A kayaking instructor in Galway captured "incredibly rare" footage of an endangered angel shark swimming in Galway Bay in May.
Angel sharks were once a common sighting in the Atlantic Ocean, but their numbers have been rapidly declining in European waters since the 1960s due to recreational and commercial fishing.
Classified as critically endangered by the International Union for Conservation of Nature, angel sharks inhabit seabeds at depths of roughly 150 meters but have a tendency to swim out to deeper waters where they are often unintentionally caught by commercial fishing fleets.
They are now rarely seen in Europe outside of four areas - Tralee, Galway, and Clew Bays in Ireland and Cardigan Bay in Wales.
At the end of May, Colin O’Loan, a kayaking instructor in Galway, and fellow instructor Ronan Breathnach were taking a group of 10 to 15-year-olds on a kayaking expedition in Galway Bay when they came across an angel shark swimming near the surface.
O'Loan told the Irish Times that the shark was swimming in a shallow area of the bay, adding that he believed it was a ray at the time.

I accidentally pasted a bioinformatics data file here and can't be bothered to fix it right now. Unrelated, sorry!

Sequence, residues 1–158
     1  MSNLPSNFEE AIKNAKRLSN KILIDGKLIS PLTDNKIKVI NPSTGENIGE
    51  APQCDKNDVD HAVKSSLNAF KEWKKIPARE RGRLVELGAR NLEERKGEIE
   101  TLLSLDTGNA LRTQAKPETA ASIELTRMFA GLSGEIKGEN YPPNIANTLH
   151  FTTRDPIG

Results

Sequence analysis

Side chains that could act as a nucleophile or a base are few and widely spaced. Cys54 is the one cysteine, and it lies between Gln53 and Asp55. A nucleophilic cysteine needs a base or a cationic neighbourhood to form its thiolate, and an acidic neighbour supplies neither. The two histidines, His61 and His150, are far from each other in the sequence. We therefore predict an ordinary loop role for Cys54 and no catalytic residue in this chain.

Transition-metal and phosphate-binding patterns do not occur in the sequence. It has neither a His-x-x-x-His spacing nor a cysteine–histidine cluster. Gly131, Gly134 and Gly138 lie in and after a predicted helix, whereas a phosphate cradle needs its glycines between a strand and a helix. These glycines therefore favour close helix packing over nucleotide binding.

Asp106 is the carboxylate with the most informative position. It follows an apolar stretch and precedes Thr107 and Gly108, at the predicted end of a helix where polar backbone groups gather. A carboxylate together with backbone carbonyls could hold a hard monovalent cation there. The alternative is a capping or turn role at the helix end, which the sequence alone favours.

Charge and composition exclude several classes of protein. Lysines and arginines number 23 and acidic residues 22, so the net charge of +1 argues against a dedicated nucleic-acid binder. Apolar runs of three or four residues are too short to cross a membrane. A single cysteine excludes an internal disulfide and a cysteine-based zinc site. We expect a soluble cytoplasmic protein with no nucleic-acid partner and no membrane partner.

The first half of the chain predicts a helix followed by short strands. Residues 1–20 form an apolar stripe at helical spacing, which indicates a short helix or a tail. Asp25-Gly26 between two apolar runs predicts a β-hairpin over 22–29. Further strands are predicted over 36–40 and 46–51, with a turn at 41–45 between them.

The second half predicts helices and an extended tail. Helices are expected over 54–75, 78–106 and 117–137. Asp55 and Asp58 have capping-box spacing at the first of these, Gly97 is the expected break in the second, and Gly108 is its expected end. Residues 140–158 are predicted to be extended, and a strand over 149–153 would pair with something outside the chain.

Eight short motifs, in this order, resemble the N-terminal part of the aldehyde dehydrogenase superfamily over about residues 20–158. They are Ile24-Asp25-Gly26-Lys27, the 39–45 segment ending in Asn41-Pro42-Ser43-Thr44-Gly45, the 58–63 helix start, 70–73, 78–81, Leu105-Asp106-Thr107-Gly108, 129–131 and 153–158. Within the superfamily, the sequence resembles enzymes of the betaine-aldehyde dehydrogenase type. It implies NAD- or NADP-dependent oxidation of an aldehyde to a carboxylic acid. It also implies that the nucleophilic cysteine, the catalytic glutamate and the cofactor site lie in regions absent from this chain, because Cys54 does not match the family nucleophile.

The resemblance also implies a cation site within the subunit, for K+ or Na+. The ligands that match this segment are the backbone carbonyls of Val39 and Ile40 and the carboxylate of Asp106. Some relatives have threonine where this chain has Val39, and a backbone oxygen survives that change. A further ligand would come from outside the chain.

When he got home and reviewed the footage, however, O'Loan realized that he had captured rare footage of an angel shark.
Maurice Clarke, a shark expert with the Galway-based Marine Institute described the footage as "really, really special".
"Many people have been searching for a long time for such good footage," Clarke told the Irish Times.
"They have been hunted to low levels, due to recreational fishing in the 60s and 70s and later from being a by-catch of commercial fishing fleets."
Angel sharks prey on small fish, crustaceans, and mollusks and are generally docile and no threat to humans. However, they have sharp teeth and powerful jaws and can inflict painful bites if provoked.
Their habit of remaining perfectly still while hunting for prey makes them easy to touch and their natural defense mechanism is to strike when grabbed or threatened.
*Originally published in May 2023. Updated in July 2023.